An Australian team comprised of researchers from the University of Adelaide, the University of Melbourne and Macquarie University have developed a glass that glows in the dark without the use of photoluminescent coatings. They embedded photoluminescent nanoparticles into glass in what they call a “direct doping” approach. The nanoparticles are invisible – so they preserve the transparency of glass – but they glow when struck by ultraviolet and near-untraviolet light.
Smart glass could be shaped into optical fibers
The process can produce glass of any shape, including optical fiber, and was created using a two-stage melting process. The researchers envision the technology being used in medical imaging applications and 3-dimensional displays. The technique could be used to examine the status of individual cells in the body, bypassing the traditional luminescent dye processes used today.
The idea of using photosensitive nanoparticles isn’t new, but the production technique has been vastly improved using the new method. Prior to this, glass nanoparticles had to be created inside molten glass, which led to an uneven distribution of the desirable particles. Using the new technique, the glass nanoparticles are developed in a separate process, then added to the molten glass in a carefully controlled production process. That allows the researchers to control the distribution of the glass nanoparticles, and results in a more even (and more useful) distribution in the finished product.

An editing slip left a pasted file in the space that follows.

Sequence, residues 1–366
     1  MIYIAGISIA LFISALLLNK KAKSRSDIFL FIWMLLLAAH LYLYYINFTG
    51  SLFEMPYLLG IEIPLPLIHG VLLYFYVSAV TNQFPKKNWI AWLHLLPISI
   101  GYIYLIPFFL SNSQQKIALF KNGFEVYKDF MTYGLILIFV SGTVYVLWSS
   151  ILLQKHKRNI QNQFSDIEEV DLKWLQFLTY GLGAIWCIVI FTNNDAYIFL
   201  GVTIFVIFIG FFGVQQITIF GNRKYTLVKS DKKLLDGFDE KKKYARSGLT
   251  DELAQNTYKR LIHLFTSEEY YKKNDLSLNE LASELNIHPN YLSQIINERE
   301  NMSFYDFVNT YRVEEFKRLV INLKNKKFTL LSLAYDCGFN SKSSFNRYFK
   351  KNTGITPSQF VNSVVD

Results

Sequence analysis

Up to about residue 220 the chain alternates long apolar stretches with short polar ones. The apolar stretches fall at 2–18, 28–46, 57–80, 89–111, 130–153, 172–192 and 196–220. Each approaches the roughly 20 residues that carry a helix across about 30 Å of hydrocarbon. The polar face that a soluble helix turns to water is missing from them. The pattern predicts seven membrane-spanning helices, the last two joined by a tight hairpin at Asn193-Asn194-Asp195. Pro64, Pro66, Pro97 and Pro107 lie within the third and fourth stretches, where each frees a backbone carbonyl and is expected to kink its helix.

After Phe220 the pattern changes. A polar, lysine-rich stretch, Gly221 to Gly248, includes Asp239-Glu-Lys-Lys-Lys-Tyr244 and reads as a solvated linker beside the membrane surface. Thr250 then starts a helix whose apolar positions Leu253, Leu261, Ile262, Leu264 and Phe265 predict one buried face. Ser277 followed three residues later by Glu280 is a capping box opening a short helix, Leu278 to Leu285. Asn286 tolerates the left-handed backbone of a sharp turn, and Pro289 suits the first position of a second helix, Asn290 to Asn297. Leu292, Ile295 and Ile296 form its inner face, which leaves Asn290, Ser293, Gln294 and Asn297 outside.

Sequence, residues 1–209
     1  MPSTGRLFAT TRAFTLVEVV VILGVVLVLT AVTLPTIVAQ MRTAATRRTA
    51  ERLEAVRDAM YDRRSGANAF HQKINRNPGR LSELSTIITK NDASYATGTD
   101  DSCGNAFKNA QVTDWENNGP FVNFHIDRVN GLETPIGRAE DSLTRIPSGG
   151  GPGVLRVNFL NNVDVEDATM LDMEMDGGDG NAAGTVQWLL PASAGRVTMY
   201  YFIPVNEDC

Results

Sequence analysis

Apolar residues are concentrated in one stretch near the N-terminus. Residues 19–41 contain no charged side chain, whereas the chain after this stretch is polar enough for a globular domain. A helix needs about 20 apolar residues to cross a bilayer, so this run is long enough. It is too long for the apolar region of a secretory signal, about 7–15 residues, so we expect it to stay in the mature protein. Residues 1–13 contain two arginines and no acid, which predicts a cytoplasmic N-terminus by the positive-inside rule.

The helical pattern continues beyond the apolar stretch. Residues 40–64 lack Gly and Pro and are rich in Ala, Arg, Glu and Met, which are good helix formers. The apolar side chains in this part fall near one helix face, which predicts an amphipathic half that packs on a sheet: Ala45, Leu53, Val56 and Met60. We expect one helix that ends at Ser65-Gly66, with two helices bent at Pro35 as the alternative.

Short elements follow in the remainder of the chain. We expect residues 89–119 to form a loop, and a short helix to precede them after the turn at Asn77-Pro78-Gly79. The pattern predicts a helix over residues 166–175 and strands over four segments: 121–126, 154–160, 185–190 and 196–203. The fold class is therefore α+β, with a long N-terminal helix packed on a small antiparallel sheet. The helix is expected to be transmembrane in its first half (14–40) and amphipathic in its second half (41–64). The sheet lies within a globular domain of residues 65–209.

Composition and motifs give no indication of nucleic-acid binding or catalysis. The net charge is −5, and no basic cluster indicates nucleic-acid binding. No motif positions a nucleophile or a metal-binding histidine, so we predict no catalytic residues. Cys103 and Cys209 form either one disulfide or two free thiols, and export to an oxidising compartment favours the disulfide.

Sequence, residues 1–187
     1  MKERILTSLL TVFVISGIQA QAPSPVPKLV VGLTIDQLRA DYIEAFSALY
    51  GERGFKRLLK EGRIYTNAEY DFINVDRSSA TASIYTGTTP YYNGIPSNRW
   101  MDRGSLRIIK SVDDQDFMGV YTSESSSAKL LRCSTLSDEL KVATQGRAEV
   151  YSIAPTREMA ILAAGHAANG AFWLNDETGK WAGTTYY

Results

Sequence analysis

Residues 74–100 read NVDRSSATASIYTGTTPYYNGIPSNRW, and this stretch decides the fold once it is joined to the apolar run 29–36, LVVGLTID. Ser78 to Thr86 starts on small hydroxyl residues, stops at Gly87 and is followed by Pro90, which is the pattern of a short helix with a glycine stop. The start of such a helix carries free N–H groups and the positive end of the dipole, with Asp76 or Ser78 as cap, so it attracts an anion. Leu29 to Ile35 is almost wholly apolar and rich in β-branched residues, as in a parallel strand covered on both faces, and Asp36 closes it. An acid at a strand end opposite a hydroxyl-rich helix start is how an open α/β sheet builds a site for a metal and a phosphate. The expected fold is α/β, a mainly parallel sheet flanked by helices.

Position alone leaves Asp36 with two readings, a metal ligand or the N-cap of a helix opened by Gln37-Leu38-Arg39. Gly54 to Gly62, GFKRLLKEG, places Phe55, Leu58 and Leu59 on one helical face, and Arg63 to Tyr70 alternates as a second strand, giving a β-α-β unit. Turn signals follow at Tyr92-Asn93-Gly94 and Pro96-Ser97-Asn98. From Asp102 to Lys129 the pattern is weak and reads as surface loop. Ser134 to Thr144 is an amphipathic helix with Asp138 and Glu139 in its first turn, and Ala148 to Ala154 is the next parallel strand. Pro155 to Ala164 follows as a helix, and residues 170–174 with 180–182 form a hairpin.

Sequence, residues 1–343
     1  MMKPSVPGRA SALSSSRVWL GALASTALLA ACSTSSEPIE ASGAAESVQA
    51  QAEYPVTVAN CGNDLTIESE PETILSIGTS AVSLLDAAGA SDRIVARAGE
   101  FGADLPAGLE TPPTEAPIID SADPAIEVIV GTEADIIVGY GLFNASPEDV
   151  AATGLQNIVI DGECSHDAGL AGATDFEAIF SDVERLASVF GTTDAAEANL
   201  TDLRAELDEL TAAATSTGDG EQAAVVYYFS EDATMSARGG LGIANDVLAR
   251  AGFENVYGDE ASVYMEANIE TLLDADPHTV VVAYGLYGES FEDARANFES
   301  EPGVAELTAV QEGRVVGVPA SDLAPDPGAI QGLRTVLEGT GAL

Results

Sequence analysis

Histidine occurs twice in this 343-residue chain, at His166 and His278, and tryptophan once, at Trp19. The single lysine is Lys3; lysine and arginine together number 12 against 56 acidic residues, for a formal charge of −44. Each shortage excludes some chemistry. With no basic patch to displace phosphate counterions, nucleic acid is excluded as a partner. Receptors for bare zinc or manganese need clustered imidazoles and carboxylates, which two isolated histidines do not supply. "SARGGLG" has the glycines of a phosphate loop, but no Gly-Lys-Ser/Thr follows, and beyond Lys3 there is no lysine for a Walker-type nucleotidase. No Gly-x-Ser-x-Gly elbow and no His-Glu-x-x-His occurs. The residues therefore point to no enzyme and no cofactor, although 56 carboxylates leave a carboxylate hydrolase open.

The research team refers to the resulting material as a hybrid glass, and allows researchers to make a major step forward in the development of “smart glass” applications. Additionally, they believe that the two-stage approach to this glass hybrid could be used with other particles that could give glass embedded photonic, electronic or magnetic properties.
According to project leader Professor Heike Ebendorff-Heideprem, Deputy Director of the Institute for Photonics and Advanced Sensing, “We are heading towards a whole new world of hybrid glass and devices for light-based technologies.”
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Jon, via Flickr.com